Wednesday, August 3, 2005   |   Posted by Jim Hightower
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The problem with America's economic policy today is that it's written by economists. And the problem with too many economists is that they live in a world of theory...or, worse yet, a world of ideological delusion.

For example, George W's plan to privatize social security is written by a bunch of laissez-faire economic ideologues who theorized that Americans really don't want a guaranteed security program, but would prefer a chance to "own" their retirement. How? By investing their monthly social security payments in the stock market. Let the people manage their own retirement accounts, cry these free-market theorists, and they'll make wise decisions that'll put the gold in their golden years!

But in real life, most people"including Big Surprise top economists) have neither the time nor inclination to be savvy investors. Even with the private retirement funds that people already "own," they fail to do the homework it would take to maximize their investments, mostly tucking their money in low-return, safe havens, like money market accounts.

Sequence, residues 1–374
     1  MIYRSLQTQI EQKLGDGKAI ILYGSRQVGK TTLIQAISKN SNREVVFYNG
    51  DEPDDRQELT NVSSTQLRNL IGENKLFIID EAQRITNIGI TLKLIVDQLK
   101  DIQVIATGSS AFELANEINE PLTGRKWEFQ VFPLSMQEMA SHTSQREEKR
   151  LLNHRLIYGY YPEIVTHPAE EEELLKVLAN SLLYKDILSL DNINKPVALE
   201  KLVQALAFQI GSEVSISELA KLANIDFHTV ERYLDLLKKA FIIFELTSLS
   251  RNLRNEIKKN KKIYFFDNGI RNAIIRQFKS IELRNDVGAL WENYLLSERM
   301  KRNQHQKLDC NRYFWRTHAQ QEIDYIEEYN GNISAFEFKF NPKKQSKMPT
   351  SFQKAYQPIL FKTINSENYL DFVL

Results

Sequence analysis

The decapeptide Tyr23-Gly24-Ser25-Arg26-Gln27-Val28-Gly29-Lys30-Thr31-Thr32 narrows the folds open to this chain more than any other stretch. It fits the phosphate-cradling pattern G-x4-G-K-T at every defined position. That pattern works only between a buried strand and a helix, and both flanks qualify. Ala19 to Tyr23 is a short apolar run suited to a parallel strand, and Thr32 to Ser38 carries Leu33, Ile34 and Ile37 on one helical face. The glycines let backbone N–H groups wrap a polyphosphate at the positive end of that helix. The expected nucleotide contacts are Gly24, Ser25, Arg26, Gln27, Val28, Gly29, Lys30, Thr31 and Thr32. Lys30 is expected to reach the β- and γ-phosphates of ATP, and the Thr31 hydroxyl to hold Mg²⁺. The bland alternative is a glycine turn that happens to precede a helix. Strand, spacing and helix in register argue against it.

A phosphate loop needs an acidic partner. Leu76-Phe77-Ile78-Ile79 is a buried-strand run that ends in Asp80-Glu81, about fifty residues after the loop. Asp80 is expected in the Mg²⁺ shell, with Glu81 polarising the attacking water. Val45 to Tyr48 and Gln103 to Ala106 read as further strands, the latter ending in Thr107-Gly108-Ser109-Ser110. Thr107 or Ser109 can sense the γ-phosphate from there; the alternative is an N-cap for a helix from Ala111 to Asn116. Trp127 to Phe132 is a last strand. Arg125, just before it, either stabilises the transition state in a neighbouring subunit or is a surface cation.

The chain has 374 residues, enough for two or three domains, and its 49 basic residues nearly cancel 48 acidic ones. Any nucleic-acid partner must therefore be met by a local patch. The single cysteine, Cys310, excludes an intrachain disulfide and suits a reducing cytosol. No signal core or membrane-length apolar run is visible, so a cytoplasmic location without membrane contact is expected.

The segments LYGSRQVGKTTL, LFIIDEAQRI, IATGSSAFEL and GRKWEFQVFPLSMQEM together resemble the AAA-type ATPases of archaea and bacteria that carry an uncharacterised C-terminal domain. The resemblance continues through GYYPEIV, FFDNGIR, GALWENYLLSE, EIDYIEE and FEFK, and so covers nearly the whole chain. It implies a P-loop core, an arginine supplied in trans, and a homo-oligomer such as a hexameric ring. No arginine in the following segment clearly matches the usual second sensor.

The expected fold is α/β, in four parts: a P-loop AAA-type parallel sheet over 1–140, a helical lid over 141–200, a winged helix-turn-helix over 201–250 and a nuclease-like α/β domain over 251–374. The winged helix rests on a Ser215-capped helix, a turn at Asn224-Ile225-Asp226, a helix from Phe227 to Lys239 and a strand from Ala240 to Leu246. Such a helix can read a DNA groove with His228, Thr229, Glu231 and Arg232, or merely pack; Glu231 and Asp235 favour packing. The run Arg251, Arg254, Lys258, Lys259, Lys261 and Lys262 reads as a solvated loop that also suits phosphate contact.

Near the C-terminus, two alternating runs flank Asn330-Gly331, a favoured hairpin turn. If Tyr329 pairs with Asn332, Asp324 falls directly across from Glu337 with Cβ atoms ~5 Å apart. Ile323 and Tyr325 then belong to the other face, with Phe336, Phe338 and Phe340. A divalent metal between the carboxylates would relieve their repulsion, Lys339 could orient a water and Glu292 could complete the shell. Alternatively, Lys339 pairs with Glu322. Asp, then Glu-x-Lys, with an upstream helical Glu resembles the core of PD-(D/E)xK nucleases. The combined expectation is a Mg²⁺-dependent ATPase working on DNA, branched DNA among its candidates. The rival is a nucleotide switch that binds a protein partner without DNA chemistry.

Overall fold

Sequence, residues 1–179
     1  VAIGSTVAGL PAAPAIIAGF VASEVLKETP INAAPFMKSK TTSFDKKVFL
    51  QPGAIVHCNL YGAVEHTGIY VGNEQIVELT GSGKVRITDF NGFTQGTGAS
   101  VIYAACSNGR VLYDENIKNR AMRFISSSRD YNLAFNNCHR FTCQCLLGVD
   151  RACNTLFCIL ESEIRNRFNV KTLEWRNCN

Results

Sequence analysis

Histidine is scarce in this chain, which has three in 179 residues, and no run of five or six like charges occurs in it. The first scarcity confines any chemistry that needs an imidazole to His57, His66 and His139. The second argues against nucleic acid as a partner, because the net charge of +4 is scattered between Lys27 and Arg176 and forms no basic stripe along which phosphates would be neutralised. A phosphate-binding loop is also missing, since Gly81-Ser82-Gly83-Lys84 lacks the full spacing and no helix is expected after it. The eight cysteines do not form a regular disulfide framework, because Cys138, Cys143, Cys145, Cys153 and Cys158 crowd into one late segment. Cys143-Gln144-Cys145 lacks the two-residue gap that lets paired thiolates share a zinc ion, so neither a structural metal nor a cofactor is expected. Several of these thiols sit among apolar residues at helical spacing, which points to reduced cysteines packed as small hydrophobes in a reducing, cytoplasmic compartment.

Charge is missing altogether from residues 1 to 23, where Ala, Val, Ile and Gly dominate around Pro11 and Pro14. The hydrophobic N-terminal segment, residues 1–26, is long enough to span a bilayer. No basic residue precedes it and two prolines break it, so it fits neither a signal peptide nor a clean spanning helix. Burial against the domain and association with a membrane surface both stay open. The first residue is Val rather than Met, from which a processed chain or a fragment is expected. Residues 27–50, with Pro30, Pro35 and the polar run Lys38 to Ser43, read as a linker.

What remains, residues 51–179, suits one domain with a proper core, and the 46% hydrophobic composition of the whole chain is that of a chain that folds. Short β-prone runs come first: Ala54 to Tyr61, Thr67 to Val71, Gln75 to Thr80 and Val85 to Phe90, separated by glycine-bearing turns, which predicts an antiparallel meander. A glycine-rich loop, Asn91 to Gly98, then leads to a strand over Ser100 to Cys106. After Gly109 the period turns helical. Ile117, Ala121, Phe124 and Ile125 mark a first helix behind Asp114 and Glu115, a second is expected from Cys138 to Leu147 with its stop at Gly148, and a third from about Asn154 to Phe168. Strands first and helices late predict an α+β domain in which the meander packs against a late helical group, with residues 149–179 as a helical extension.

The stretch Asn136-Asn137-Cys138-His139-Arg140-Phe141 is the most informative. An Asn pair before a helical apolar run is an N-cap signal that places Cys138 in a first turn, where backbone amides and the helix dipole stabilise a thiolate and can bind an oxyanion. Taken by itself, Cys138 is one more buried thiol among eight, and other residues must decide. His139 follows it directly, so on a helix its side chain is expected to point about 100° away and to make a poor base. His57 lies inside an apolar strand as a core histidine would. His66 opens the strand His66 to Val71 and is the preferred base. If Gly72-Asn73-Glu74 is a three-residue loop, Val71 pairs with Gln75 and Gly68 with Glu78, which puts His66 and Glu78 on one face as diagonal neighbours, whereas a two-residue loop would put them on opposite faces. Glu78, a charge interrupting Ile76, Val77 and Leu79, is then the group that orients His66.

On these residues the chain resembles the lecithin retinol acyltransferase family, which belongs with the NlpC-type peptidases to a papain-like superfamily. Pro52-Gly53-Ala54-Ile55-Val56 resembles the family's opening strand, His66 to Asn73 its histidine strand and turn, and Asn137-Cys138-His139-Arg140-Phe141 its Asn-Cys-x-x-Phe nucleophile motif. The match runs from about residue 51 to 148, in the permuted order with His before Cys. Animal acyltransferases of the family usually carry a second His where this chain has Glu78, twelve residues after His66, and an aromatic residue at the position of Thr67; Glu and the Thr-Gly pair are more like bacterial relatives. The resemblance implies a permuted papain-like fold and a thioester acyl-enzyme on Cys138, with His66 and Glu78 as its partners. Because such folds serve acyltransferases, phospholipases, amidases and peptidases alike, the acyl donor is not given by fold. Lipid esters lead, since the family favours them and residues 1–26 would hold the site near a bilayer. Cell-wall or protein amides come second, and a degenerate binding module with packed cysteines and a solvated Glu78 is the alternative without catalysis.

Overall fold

Even the brainiest economists do poorly. The LA Times surveyed the eleven economists who are the most recent winners of the Nobel Prize and found that nearly half of them are poor managers of their savings, failing to get even the most elementary investment decisions right. One Nobel economist confessed that he even messed up the investment of the money he got for winning the prize. Another conceded that his retirement nest egg is drawing only about two percent a year in the market way below the six-percent return you'd have to get just to break even under Bush's social security privatization scheme.

This is Jim Hightower saying...Being good at making investments takes lots of time and a money-focused mind-set. Most of us have real lives and work to do, and no interest in shuffling through a jungle of investment accounts and we damned sure don't want our basic retirement security based on doing it no matter what the economic and political idealogues theorize.

"Even Nobel laureates bungle investments," Los Angeles Times, May 15, 2005,

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